Lance Gooden

Athens ISD provides supplies for elementary students

By Toni Garrard Clay/AISD Communications Coordinator

Hate going back-to-school-supplies shopping? Well, there’s very good news. If your child is entering pre-K through fifth grade at Athens ISD, you won’t have to this year.

As a show of care and support for its students, Athens ISD is providing all the necessary supplies for its elementary students to begin the 2017-2018 school year. Pens, pencils, papers, scissors, glue, erasers, crayons, compositions books, spiral notebooks, etc., will be waiting on pre-K through fifth-graders when they return to school in August. The supplies will be purchased through the use of federal Title 1 funds. Backpacks will made available upon request, through the generosity of the HELP Center.

“This is something we’ve been considering for a while,” said Assistant Superintendent Dr. Janie Sims. “We believe this will be beneficial to the families we serve, and we’re always looking for ways to support and encourage our community.”

TVCC and Eustace ISD partner for welding program grant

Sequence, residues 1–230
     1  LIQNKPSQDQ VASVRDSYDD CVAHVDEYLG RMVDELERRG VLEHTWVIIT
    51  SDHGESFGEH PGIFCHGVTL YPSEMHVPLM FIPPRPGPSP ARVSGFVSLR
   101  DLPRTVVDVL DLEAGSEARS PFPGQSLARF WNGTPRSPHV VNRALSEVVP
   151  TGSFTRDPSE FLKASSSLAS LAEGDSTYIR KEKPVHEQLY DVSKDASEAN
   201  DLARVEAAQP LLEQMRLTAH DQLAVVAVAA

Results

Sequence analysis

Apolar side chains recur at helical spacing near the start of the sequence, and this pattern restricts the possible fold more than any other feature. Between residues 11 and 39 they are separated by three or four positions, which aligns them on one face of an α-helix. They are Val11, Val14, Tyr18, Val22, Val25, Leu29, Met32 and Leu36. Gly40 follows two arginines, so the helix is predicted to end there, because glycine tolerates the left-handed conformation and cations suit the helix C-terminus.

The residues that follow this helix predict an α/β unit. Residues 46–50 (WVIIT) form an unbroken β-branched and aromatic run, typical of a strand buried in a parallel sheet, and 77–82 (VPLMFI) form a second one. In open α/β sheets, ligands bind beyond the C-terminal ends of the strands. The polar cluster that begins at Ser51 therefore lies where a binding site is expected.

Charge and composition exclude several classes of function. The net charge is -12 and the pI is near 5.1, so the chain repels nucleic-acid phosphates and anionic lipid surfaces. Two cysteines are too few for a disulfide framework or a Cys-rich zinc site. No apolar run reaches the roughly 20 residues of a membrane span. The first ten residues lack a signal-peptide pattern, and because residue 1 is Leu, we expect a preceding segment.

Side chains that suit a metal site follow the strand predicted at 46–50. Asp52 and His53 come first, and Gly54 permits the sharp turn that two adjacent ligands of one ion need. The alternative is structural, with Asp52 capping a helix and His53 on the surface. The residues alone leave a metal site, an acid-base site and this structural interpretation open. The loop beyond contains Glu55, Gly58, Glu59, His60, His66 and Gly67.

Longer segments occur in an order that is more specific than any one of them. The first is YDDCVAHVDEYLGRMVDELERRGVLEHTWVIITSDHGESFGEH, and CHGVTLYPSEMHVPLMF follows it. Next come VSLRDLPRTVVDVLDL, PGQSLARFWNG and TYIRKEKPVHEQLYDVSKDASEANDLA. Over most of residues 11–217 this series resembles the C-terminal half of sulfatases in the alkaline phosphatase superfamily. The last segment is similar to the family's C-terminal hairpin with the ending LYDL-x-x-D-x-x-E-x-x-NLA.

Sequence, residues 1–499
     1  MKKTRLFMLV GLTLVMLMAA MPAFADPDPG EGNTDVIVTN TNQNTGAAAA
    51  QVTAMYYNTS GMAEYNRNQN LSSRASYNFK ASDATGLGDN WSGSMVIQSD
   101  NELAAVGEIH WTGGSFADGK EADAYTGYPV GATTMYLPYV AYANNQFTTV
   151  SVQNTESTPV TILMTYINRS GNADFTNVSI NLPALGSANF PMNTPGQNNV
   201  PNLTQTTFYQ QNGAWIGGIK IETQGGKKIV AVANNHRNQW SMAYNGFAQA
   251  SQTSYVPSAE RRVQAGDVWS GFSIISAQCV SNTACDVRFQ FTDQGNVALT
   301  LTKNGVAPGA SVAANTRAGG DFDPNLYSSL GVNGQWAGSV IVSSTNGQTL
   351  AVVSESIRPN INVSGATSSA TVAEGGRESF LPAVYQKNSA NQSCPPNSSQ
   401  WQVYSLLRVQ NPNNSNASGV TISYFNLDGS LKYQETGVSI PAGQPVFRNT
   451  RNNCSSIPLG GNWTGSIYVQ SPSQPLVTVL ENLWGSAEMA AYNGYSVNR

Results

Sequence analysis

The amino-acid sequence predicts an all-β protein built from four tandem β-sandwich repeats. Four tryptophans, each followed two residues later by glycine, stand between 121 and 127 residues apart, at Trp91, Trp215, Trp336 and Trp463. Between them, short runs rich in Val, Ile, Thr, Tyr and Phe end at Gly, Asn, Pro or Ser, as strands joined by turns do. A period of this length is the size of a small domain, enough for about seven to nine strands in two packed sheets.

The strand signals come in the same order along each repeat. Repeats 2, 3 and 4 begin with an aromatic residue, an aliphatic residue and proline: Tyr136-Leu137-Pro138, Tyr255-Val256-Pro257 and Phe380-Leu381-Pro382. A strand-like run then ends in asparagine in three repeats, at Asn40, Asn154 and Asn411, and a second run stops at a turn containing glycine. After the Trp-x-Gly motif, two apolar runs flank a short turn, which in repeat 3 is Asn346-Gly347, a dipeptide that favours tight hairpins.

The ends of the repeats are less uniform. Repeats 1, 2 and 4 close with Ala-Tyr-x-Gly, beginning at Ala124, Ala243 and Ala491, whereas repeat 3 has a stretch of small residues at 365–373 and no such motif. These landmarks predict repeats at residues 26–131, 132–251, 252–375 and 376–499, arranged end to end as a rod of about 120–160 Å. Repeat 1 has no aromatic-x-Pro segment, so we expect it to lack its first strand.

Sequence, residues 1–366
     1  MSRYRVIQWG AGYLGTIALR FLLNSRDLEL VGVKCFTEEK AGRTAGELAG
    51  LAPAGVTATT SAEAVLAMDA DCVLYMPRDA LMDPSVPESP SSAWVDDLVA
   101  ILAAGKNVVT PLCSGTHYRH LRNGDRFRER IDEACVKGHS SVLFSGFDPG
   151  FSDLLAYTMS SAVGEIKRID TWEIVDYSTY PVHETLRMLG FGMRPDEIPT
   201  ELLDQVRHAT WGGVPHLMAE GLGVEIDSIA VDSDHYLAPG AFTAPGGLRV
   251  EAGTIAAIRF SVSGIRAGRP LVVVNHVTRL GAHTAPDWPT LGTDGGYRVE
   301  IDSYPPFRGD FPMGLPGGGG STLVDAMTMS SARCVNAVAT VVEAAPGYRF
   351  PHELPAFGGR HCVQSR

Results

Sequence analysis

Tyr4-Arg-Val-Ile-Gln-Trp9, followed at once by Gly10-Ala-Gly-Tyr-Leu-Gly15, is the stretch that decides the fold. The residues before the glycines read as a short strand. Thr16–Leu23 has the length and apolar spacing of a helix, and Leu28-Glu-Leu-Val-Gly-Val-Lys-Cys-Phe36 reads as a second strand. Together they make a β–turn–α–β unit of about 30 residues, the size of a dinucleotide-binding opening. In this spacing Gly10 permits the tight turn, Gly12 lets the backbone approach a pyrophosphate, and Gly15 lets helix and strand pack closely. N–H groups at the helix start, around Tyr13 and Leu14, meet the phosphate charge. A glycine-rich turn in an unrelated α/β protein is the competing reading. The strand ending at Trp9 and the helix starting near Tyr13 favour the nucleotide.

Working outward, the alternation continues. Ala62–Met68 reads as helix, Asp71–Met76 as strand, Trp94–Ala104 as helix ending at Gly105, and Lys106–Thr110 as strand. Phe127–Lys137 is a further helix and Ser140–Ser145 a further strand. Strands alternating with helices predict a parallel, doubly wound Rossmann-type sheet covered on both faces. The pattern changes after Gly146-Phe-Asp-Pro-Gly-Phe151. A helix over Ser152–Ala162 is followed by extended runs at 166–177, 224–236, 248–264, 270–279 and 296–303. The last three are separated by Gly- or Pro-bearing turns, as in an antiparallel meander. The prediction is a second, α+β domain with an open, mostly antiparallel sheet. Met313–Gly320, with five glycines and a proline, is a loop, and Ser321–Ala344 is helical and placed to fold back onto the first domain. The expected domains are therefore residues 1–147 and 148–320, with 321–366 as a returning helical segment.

Press release

The Eustace Independent School District has been awarded a Jobs and Education for Texans (JET) grant to establish a welding program at Eustace High School. The grant was a cooperative effort between Trinity Valley Community College’s Dual Credit department and EISD, and will provide more than $100,000 in specialized equipment for welding instruction.

“This equipment is rarely found in a high school welding program in a school the size of Eustace,” said EISD Superintendent Dr. Coy Holcombe. “These machines will give our students a chance to be trained on how to operate machinery in a high demand job area.”

Continue reading “TVCC and Eustace ISD partner for welding program grant”

Athens ISD announces leadership shifts

By Toni Garrard Clay/AISD Communications Coordinator

Athens ISD Superintendent Blake Stiles announced some upcoming changes in key district personnel assignments Wednesday.

Effective July 1, Athens High School Principal Jami Ivey will take over as director of secondary curriculum and instruction for the middle school and high school. Athens Middle School Principal Ginger Morrison will replace Ivey at the high school. And Central Athens Elementary Principal Jennifer Risinger will step into the principal’s position at the middle school. The district will begin a formal search for the principal’s position at Central.

Continue reading “Athens ISD announces leadership shifts”

More honors for Malakoff and Tool elementary schools

Press release

Malakoff ISD announced last week that Malakoff Elementary and Tool Elementary have been selected by Educational Results Partnership (ERP) and the Institute for Productivity in Education (IPE) as two of 727 public schools in Texas to receive the title of 2016 Honor Roll school.